Steadily Raises $27.8M to Grow Its Landlord Insurance Platform
Steadily, an online insurance agency for landlords, raised $27.8 million in a Series A funding round that will be used to further scale the product.
The new investment was led by Matrix Partners and Zigg Capital, with participation from Vesta Ventures and existing investors Peak State Ventures, Nine Four Ventures and Next Coast Ventures.
The latest round brings Steadily’s total funding to $31.6 million, adding to the $3.8 million round it announced one year earlier.
Steadily has two offices: an Austin office for its product and engineering teams and an office in Overland Park, Kansas, for its operations team. Seven of its 35 employees are based in Austin. The company plans to hire 25 people over the next year.
Steadily founder Darren Nix has significant experience in the insurtech industry.
During his time at McKinsey, he worked with large carriers of auto and homeowner’s insurance. Later on, he went through the Y Combinator accelerator with an auto insurance comparison service he co-founded.
“[Insurance] was my bread and butter 15 years ago,” he said. “When I insured my first rental property, I just expected that, given the amount of time that elapsed, that this category would be online. I was shocked to find that it wasn’t.”
Instead, Nix found the process was outdated, time-consuming and expensive.
With Steadily, landlords can get an insurance quote online in minutes without going through an insurance agent. If a customer needs assistance, sales agents are available via phone, email or text.
By automatically filling in data points such as property size and year of construction, Steadily’s mobile-first platform reduces the time needed to purchase insurance from days to minutes. The service is available in all 50 states.
Coverage options are also personalized to customer needs, with insurance options for all property types, including single-family rentals, fix-and-flips and short-term rentals.
Nix said most Steadily customers only own one rental property. Most likely, they are “incidental landlords” who moved from one property to another and decided to rent out the old property instead of selling it.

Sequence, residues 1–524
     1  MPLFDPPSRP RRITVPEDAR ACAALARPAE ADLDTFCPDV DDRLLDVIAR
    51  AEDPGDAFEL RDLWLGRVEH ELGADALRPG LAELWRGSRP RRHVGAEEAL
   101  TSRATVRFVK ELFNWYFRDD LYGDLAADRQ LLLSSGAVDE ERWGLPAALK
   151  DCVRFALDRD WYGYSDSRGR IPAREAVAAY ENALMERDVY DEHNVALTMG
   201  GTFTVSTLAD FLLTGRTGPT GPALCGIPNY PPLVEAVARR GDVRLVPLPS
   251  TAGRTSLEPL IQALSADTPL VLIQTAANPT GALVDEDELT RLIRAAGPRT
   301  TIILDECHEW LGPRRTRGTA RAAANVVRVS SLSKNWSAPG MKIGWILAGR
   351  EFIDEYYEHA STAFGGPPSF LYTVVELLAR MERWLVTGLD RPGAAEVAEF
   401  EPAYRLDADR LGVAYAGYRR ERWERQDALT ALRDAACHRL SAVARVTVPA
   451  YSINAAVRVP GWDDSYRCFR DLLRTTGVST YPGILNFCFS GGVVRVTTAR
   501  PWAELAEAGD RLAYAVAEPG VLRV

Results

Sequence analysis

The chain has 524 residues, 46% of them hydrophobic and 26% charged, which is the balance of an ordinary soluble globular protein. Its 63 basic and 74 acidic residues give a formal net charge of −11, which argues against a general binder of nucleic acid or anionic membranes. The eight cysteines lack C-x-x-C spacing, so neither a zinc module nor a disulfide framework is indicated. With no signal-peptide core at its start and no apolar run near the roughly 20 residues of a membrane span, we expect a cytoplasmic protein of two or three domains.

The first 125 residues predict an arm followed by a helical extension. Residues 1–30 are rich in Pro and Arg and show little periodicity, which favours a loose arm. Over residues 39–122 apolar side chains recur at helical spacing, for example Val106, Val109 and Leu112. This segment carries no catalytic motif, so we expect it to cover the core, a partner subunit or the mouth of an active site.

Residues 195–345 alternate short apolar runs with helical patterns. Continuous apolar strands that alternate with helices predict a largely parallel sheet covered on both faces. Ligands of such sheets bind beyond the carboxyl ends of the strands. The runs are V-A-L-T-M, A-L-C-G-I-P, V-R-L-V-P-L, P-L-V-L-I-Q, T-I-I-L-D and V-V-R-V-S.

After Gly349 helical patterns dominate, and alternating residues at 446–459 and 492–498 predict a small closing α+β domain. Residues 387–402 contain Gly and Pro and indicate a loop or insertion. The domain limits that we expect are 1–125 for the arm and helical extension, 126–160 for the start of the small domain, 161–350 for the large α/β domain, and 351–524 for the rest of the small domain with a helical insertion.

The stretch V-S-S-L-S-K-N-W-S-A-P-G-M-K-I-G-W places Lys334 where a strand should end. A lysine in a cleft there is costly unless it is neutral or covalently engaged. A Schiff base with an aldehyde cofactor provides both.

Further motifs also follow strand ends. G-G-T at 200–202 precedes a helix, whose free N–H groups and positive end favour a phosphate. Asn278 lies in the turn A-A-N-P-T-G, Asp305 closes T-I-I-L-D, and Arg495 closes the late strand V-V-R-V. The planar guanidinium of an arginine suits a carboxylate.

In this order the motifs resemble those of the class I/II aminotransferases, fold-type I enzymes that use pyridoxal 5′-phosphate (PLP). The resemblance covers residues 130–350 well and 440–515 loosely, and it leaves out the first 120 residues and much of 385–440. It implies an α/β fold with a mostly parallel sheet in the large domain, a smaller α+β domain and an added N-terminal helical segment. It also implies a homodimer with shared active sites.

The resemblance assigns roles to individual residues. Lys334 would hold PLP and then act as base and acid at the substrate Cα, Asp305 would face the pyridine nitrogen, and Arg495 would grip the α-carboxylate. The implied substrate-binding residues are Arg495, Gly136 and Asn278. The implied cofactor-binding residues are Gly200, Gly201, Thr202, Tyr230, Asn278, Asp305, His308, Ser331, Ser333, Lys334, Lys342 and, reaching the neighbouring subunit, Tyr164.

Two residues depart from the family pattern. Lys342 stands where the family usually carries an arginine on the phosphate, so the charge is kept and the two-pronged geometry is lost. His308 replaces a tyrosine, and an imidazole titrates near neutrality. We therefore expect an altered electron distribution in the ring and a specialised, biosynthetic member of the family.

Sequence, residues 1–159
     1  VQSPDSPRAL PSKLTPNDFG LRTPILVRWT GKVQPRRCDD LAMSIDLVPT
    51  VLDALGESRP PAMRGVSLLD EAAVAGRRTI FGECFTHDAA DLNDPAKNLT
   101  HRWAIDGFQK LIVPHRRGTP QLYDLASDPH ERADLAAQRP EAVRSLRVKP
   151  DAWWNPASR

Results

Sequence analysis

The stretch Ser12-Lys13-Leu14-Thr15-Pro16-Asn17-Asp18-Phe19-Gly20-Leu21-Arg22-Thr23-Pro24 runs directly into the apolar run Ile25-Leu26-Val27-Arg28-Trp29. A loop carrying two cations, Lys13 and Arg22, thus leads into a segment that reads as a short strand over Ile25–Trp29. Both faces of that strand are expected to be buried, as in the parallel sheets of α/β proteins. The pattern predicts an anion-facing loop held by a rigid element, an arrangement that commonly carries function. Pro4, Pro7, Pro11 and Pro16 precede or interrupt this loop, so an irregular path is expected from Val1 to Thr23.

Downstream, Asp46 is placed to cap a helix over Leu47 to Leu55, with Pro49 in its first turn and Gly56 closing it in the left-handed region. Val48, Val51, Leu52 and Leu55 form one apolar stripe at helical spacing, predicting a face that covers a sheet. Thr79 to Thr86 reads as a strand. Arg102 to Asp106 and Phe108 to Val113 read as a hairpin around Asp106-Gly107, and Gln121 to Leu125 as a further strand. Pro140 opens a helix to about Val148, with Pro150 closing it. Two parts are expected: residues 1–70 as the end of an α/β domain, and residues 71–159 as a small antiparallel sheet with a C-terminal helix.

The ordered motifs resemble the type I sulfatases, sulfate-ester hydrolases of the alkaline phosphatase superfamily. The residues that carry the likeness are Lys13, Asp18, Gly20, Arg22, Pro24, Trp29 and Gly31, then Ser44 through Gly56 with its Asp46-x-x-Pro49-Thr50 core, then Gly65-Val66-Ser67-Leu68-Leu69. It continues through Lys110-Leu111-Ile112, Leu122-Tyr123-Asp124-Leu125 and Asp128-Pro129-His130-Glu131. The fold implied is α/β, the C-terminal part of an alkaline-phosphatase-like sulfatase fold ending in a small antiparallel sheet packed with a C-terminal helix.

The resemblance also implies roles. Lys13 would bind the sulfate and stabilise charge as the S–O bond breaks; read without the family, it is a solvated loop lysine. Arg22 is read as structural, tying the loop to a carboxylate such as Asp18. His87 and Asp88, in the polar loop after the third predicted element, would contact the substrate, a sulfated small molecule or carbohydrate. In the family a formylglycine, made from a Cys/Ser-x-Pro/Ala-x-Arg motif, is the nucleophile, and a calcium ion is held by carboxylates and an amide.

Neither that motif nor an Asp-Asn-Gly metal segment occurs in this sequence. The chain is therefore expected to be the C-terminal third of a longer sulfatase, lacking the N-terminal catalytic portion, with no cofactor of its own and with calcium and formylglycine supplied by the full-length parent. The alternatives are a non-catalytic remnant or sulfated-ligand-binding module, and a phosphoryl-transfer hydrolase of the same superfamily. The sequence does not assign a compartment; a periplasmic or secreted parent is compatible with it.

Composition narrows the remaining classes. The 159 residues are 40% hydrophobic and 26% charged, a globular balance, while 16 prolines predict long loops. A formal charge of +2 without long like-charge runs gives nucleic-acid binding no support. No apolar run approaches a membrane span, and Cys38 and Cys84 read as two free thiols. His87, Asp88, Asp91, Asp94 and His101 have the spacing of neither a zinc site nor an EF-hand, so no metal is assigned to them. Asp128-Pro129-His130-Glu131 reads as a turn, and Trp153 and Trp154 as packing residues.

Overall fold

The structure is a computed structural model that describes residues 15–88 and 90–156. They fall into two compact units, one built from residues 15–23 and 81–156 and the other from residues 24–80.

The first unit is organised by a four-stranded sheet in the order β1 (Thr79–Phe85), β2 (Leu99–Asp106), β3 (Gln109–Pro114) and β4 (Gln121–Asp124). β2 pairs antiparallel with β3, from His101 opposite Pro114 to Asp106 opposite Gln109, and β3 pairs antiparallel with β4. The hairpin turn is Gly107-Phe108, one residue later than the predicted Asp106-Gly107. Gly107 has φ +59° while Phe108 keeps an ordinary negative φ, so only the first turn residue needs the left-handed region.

“They expect to be able to manage everything that they do digitally, with the option of talking to someone when they want to,” Nix said. “As opposed to calling someone locally, waiting a few days and then they take you out to dinner. That’s just not the expectation that folks have these days.”
In the future, Steadily plans to offer internet-enabled devices that can help prevent water damage, which Nix said is the most preventable type of property damage a landlord can control.
For example, if an upstairs residents’ washing machine is leaking onto the floor, Nix said, it’s important to fix the problem before it causes mold.
“The difference between somebody having $3,000 worth of damage for their rental property, versus $30,000 of damage is probably a week or two,” he said.
Steadily is currently running a pilot project with 500 customers, testing out flow meters on pipes, as well as small hockey puck-sized devices that beep and text the landlord when flooding is detected under sinks or washing machines. Nix hopes these devices will reduce the volume and severity of insurance claims.
Dave Eisenberg, a partner at Zigg Capital, said in a statement that he is excited to see Steadily disrupt the real estate industry, which he said has been slow to change.
“Modern consumers are demanding better user experiences and Steadily delivers here with an intuitive and thoughtfully designed insurance offering,” he said. “With multiple smart integrations, Steadily enables landlords to thrive in today’s emerging digital real estate ecosystem”.